As for cap and trade, Gottstein called the bill a "huge issue for all Virginians if it passes, but especially in Southwest Virginia, where its impact will be particularly harmful because of its potentially large taxes on coal use." He said it made sense to discuss the bill, currently languishing in Congress, in the context of a broader discussion of utility rates.

But that explanation has not gone over well with environmentalists. Glen Besa, director of the Virginia chapter of the Sierra Club, said the status of the meetings has become even more confused this week, when some residents received a recorded phone message from the attorney general, encouraging them to attend. Those calls were paid for by Cuccinelli's campaign account, political director Noah Wall confirmed.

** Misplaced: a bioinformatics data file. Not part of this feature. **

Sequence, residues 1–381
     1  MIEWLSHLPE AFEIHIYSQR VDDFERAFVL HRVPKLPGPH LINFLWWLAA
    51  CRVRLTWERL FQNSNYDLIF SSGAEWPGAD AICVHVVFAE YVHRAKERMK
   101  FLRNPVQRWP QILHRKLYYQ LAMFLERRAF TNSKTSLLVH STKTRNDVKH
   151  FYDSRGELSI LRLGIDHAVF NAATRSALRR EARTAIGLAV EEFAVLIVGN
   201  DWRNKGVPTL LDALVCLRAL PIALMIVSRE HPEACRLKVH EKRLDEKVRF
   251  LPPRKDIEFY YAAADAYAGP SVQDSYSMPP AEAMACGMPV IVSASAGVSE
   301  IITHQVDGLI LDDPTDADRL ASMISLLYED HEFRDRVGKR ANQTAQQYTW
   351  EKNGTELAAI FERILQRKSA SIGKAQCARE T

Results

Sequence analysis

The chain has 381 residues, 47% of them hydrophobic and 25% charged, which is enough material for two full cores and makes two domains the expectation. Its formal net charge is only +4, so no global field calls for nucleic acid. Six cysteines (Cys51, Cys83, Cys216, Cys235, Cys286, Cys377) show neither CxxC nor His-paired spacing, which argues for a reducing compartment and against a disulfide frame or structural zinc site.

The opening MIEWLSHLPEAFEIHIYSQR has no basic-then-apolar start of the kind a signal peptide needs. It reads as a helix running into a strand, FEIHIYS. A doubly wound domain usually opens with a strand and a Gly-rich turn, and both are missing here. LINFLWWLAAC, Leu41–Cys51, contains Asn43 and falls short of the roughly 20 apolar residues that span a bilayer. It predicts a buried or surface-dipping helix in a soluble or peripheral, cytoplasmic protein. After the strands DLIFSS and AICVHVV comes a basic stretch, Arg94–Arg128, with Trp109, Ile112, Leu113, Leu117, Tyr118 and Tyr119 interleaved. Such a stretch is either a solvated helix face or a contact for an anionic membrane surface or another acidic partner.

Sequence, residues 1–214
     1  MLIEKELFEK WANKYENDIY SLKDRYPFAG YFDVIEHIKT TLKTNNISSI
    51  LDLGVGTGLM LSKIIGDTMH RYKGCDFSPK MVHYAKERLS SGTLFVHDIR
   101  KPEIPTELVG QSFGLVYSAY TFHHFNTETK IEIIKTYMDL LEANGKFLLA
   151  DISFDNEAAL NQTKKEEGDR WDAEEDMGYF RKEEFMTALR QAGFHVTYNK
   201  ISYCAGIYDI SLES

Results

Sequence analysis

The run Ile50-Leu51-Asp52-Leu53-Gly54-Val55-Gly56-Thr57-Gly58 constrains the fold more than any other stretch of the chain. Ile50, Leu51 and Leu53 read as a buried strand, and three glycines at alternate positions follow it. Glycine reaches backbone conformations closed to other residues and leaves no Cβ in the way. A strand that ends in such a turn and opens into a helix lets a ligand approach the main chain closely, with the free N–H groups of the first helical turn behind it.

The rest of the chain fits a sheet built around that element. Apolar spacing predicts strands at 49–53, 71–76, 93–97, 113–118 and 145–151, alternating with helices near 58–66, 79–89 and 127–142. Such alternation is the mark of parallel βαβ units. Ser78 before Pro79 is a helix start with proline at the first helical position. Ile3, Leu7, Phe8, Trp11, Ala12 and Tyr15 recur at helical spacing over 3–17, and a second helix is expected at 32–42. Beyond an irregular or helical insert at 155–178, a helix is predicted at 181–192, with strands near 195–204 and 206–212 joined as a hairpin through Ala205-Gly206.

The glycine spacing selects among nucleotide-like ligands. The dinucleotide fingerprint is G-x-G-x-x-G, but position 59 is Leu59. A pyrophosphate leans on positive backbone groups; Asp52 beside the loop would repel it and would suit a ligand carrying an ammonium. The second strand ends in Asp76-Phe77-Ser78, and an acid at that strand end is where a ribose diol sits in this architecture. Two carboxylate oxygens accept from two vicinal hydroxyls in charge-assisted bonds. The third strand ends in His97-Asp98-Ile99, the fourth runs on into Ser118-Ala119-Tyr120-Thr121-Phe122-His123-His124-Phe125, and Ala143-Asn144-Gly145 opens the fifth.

"He's spending taxpayer money to rally his people," Besa said. "The Attorney General of Virginia should not be mixing politics with his serious responsibility as Attorney General. This sounds like nothing more than a campaign stop, and that's just not right."

The town halls also drew some strong words from the editorial staff of the Roanoke Times, which said Cuccinelli would use them to "to veer from his official purview and focus on one of his party's campaign talking points."

Gottstein said public money was used to circulate e-mails inviting residents to the meetings were sent from the attorney general's office but Cuccinelli turned to his PAC to fund 20,000 phone calls because of budget cuts in his office. Wall said the calls went to a random selection of local residents and not to a list of Cuccinelli supporters.